5.2.2 The Enterprise framework

The Enterprise project is a UK initiative incorporating both academic and industrial partners. The main aim of the project is to (Fraser, 1994:3)
"provide a method and computer toolset which will help capture aspects of a business and analyse these to identify and compare options for meeting the business requirements."
The Enterprise notion of enterprise modeling requires taking a "total systems" approach, i.e., integrating several aspects of the business in one model. The purposes of modeling are: Investigating the basis for the Enterprise project, there is a clear disposition towards knowledge based approaches. This is evident from their state-of-the-art survey (Enter-prise, 1994a-e), including KE frameworks such as CommonKADS (de Hoog et al., 1994). A high-level view of the enterprise toolset architecture is provided in figure 5.3.
Figure 5.3: High-level view of the enterprise toolset (Fraser, 1994:14)

A characteristic feature of the Enterprise framework is the use of detailed ontologies (Uschold et al., 1995) to define elements of a generic enterprise. The ontology prescribes the possible elements of the enterprise, and hence restricts model contents. The purposes of ontologies in enterprise modeling are, according to Fraser (1994:11), easier reuse of enterprise models, improved communication based on a common understanding of model concepts, translation of semantics between various lexicons, elimination of redundancies, and resolving unnecessary or missing content.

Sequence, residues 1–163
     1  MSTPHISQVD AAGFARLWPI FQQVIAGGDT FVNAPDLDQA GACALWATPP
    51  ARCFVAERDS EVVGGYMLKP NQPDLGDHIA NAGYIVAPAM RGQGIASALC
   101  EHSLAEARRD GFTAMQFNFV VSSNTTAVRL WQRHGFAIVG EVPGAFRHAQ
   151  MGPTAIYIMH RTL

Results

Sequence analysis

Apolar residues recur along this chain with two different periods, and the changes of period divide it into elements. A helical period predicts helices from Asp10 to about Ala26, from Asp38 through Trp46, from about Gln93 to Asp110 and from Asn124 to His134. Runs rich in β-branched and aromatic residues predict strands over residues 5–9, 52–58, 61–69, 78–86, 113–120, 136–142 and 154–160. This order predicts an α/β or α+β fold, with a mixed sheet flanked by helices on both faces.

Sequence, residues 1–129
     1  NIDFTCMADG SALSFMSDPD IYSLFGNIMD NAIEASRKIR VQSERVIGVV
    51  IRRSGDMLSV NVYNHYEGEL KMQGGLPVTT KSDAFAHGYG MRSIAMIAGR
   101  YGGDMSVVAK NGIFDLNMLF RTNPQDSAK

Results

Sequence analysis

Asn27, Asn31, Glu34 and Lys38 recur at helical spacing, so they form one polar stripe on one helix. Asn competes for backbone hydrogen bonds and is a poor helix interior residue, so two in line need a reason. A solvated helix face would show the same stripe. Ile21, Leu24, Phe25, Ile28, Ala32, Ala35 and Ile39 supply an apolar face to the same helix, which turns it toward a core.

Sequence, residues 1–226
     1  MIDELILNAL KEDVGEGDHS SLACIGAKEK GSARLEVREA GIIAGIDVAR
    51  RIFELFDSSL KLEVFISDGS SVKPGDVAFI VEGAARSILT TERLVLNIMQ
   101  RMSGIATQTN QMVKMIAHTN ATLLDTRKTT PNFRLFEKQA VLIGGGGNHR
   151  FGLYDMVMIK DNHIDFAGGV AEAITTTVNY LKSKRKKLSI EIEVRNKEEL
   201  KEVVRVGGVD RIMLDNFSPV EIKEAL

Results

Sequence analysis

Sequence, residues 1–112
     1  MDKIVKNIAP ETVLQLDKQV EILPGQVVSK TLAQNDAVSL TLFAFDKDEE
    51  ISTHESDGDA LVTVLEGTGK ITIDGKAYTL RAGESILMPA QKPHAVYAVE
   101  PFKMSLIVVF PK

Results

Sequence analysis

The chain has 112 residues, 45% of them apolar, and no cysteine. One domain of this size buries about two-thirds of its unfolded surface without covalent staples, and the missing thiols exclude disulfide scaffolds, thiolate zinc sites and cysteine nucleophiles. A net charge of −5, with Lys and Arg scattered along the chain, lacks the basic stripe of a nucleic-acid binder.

The Enterprise project have developed a method for how to construct ontologies (Uschold et al., 1995; Uschold and Gruninger, 1996), but there is a striking lack of references to enterprise modeling method. How to proceed in practical modeling is not discussed anywhere in the literature found on the project (except for some general approaches in their state-of-the-art survey).

Their ontological and epistemological assumptions are not discussed explicitly, but indications of a traditional, objectivistic worldview exist. Firstly, recurrent use of the phrase

"capture [...] of all relevant aspects of an enterprise"
indicates that all relevant aspects of the enterprise is "out there". Secondly, they propose the same enterprise models for both human understanding and enactment, hence neglecting the specific needs of both humans and computers concerning "comprehension" of models. Thirdly, the lack of an enterprise modeling method may be interpreted as not seeing the modeling process as problematic. Finally, predefining detailed ontologies of the enterprise as such implies a fixed view of what the relevant aspects of an enterprise are. When studying the documentation of the Enterprise ontology, it explicitly states that (Uschold et al., 1995:3, italics added)
"The purpose of the definitions in an ontology are very different from that of dictionary definitions. The latter report how words are used; ontology definitions have a normative character."
From a constructivist point of view, the meaning of a word is not defined, but rather constructed. Also, in the proposed methodology for building ontologies, a step in the "capturing of ontologies" is (Uschold, 1995:3, italics added)
"production of precise unambiguous text definitions for [...] concepts and relationships."
This focus on precise and unambiguous definitions is consistent with an objectivistic worldview, not with a constructivistic.